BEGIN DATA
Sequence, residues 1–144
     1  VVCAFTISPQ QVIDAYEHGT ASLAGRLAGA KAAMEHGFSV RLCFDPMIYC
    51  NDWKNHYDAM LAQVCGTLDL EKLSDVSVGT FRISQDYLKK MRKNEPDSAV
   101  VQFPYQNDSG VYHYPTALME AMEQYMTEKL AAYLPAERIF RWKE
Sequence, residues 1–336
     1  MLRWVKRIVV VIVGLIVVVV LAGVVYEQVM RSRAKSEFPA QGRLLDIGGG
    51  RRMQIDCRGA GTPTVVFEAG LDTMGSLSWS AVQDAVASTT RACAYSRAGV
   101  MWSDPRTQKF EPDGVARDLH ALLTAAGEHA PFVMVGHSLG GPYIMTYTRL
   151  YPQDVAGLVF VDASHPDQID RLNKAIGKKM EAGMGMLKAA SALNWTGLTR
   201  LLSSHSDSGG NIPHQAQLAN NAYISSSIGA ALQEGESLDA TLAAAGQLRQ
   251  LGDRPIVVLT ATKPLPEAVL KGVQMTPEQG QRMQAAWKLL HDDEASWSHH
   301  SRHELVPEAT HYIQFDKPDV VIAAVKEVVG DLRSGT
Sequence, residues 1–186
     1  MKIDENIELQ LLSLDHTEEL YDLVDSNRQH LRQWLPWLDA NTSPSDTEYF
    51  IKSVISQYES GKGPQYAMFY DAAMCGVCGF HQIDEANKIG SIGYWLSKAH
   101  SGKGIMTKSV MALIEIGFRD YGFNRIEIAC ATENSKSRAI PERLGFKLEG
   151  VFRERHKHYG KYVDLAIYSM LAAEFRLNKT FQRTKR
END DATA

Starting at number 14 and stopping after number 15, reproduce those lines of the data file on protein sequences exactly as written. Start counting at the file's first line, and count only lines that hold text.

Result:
     1  MKIDENIELQ LLSLDHTEEL YDLVDSNRQH LRQWLPWLDA NTSPSDTEYF
    51  IKSVISQYES GKGPQYAMFY DAAMCGVCGF HQIDEANKIG SIGYWLSKAH